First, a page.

Boston Green Sox

Green is in vogue right now at Fenway – and not just on the 37 foot high Green Monster in left field.

It’s not a huge secret that I love the (2007 World Series Champion) Boston Red Sox.  As a native of Massachusetts, the Red Sox are a lifestyle, more than a team for me.

Two weeks ago, the Red Sox season started against Oakland in Japan.  And after what seemed like an endless roadtrip, opening two more parks, the Red Sox finally came home to Boston on Tuesday for Opening Day at Fenway.  Rings were presented, Bill Buckner was forgiven and there was general merriment throughout the land (well, at least in Boston).

So what’s with the green?  Yesterday, the Boston Globe reported that Fenway Park would be going Green.  The 96 year-old ball park will install enough solar panels to heat 1/3 of the hot water needed in the park and reduce the park’s annual carbon dioxide emissions by 18 tons.  As part of a $600,000 initiative, named Solar Boston, that was designed to increase the city’s solar engery output 50-fold by 2015.

The ultimate goal of Solar Boston is to increase the city’s solar output from 1/2 megawatt to 25 megawatts – enough to power over 3,000 Boston households.  The initiative will identify other south-facing rooftops – ideal for the panels – and market the initialtive to more business and homes.  Additional plans include installing the panels on many municipal buildings, including Brighton High School, The Strand Theatre, Tobin Community Center and West Roxbury Branch Library.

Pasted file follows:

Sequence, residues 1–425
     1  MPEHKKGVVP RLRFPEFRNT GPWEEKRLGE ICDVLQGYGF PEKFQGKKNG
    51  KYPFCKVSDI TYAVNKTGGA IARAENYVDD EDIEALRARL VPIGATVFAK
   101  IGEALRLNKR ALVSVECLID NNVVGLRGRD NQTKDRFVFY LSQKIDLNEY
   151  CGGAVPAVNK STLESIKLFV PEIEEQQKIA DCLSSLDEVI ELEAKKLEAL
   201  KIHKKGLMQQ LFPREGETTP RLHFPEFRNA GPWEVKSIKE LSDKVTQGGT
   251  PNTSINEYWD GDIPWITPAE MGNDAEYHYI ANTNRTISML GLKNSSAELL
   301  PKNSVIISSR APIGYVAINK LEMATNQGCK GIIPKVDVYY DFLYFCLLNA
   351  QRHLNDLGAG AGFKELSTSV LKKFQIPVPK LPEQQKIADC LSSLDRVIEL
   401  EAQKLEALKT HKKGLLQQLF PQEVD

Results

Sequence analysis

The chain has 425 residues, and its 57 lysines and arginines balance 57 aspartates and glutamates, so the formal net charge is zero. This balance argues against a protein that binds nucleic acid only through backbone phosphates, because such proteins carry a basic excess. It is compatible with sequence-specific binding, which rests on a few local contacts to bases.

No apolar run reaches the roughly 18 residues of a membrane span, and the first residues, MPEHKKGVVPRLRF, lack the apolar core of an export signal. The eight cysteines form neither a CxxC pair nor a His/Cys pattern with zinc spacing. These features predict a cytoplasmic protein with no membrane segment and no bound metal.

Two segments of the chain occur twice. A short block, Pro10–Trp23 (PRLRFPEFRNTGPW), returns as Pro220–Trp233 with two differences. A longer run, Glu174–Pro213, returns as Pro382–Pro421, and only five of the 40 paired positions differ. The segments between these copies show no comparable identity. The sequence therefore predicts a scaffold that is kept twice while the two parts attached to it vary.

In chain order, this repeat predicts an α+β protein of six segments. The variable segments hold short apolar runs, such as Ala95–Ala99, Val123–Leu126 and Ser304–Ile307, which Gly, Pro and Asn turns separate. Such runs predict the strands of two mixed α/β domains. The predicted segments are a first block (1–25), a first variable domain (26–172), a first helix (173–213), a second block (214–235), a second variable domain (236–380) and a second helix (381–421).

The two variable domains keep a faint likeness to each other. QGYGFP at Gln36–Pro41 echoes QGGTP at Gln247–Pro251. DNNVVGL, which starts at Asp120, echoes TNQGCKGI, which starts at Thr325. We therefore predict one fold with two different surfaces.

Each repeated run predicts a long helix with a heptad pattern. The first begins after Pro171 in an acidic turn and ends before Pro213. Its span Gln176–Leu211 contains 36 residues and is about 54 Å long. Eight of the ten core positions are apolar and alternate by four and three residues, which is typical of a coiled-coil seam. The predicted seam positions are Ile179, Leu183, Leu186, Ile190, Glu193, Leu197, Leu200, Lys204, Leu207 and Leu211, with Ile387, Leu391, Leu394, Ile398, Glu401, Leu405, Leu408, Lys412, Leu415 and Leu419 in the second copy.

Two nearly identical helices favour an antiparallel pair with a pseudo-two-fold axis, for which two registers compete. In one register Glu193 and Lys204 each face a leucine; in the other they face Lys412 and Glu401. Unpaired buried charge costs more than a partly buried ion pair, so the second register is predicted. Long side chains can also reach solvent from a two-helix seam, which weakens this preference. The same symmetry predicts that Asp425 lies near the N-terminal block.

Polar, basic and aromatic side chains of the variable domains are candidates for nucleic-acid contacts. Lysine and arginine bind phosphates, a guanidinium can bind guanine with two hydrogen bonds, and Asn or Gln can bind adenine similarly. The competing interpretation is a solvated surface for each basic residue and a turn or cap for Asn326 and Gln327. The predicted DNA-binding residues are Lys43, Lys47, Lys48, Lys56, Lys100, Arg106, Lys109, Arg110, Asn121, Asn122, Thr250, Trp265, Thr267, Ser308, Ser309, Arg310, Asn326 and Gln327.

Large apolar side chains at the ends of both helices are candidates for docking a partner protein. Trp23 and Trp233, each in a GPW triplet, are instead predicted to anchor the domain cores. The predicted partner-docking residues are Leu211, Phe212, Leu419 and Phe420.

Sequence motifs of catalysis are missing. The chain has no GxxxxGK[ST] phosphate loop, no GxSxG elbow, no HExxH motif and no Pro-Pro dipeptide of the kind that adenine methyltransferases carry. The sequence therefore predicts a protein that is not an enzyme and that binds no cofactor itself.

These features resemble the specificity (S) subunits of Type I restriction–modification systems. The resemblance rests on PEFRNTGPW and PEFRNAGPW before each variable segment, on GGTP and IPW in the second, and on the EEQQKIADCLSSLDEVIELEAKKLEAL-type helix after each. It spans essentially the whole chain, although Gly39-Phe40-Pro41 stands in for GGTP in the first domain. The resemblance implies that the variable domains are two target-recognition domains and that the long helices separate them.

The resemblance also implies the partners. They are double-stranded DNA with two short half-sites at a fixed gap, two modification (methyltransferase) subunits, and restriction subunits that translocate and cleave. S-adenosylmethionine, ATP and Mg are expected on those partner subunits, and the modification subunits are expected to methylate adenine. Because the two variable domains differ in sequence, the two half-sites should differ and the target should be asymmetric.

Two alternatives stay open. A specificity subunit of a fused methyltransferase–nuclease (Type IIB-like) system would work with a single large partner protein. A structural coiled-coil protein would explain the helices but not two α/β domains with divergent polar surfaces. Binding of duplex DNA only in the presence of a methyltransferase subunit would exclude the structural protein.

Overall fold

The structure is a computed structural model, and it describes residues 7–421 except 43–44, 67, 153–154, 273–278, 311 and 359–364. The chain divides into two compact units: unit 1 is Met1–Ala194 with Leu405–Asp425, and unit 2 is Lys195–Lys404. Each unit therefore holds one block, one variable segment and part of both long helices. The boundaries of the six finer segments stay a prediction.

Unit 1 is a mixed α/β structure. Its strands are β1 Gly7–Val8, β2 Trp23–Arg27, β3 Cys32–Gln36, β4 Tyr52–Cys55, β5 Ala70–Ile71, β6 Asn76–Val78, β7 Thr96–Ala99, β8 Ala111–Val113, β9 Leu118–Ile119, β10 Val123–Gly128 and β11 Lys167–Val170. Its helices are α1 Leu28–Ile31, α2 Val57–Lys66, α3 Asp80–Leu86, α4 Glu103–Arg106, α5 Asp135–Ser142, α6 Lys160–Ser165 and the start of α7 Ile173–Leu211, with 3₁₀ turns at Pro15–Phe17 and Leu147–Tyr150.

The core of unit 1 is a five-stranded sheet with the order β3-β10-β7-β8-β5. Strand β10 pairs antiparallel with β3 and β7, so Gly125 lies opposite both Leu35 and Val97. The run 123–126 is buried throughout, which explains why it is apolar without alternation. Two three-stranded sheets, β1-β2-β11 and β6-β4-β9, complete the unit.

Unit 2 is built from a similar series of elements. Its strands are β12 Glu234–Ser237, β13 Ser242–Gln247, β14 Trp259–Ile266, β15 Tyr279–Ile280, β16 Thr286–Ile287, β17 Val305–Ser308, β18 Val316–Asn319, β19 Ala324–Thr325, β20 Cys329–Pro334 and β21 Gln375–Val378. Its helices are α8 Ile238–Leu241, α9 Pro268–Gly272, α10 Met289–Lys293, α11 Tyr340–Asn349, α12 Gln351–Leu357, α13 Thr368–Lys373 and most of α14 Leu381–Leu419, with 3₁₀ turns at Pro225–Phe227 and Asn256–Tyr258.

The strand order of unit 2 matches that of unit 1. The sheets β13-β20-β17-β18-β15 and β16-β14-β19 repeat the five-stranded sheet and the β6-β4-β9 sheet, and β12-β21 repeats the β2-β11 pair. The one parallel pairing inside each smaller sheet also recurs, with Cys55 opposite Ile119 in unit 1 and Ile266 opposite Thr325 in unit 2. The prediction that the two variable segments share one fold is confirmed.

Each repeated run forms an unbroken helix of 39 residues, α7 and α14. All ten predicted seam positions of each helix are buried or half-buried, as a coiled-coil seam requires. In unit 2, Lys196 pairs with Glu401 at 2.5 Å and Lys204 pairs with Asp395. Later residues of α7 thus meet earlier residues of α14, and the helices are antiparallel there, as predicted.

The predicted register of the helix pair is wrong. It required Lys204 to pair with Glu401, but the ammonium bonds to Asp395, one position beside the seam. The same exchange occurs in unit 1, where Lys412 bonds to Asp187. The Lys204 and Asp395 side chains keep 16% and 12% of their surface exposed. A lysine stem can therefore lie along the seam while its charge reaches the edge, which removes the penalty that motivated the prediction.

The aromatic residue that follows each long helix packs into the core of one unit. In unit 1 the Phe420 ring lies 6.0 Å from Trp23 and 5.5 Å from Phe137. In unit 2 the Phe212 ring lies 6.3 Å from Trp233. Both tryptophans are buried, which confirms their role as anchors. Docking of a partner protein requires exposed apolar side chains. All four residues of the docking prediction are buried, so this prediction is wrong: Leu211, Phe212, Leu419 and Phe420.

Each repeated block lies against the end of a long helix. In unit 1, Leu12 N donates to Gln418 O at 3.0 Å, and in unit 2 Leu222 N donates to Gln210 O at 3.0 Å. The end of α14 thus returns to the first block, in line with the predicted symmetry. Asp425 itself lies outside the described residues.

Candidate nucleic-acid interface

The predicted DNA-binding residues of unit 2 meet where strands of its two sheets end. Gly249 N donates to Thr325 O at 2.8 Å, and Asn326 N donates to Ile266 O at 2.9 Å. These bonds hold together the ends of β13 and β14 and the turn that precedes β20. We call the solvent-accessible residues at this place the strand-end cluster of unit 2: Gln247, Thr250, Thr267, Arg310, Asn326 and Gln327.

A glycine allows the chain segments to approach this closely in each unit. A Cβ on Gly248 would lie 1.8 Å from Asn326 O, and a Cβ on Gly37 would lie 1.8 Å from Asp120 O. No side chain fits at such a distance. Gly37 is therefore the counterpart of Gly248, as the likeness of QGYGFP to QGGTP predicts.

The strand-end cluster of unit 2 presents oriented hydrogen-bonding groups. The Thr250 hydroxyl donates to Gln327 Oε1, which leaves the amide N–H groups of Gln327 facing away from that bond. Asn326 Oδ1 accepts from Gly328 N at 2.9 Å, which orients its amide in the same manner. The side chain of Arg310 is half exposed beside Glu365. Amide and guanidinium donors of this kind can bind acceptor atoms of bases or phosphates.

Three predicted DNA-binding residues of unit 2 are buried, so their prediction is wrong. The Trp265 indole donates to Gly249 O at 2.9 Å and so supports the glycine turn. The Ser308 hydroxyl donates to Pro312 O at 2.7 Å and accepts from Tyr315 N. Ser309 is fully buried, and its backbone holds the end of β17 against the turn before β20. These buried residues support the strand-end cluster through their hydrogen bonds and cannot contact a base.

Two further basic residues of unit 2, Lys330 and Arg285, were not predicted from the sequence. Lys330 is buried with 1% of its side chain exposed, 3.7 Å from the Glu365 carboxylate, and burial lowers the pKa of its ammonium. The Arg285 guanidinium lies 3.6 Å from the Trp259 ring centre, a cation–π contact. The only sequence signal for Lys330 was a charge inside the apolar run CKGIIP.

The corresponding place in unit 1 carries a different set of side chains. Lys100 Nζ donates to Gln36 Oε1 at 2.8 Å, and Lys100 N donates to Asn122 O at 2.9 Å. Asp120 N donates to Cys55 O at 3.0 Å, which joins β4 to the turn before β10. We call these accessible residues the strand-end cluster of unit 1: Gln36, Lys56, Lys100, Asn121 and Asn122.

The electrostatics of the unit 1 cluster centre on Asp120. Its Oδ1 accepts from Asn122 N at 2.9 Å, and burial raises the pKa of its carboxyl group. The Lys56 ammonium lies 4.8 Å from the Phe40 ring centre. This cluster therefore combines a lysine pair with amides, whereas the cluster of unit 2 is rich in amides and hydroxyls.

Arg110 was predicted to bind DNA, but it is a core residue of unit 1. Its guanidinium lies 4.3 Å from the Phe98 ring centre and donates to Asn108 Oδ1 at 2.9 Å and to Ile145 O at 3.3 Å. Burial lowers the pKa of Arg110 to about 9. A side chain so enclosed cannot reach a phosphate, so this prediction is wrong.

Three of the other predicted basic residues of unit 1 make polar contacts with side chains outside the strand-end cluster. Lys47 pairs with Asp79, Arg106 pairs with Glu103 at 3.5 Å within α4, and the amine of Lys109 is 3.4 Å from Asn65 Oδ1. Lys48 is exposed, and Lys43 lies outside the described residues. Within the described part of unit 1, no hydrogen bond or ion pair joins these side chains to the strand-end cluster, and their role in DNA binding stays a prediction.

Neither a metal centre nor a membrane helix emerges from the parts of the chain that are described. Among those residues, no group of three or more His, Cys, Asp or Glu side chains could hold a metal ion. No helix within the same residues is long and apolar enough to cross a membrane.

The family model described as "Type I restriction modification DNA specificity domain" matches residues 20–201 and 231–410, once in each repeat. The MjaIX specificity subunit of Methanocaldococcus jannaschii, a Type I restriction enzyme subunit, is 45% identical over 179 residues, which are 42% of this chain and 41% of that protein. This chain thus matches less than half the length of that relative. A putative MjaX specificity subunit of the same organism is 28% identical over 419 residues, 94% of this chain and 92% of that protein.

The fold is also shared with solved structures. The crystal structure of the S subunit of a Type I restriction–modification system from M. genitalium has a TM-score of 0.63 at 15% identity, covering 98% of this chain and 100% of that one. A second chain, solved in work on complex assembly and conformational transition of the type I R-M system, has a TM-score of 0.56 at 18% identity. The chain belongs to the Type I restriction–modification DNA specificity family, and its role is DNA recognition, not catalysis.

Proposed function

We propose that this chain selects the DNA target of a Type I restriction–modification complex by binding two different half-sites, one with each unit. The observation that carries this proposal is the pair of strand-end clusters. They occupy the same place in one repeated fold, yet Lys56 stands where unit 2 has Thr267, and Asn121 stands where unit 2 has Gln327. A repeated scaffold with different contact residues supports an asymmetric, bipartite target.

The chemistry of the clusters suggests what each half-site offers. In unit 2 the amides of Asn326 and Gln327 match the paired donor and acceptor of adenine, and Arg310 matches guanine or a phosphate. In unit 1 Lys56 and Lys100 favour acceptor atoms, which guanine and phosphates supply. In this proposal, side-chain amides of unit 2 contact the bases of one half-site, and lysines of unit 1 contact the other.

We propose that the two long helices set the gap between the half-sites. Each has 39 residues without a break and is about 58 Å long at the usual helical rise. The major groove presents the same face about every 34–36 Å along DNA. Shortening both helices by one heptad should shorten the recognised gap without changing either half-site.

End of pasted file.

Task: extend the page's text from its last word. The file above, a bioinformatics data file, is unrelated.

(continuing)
From a GlobalGiving perspective, this is a great little earth-changing (or earth-greening) idea.  Kudos, city of Boston and Fenway Park.

1 Comment


about 13 years ago

This is seriously awesome. To get a place as visable and infuential as Fenway to make this kind of a change is HUGE. There's a website that Bostonians should check out for sure: at Boston's Earth Fest this past Saturday I saw that there's a new website called, and it's a Boston-based site that rates local businesses, stores, services, restaurants, etc based on not only how good they are but also how GREEN they are. Plus you can add your own reviews/ratings when you've visited places yourself, and there's guides to help you look for what makes a certain establishment green or not-so-green friendly. It's a great site and quite helpful for the eco-conscious consumer. Thanks for the cool article. I live right next to Fenway and I didn't even know that this had happened!

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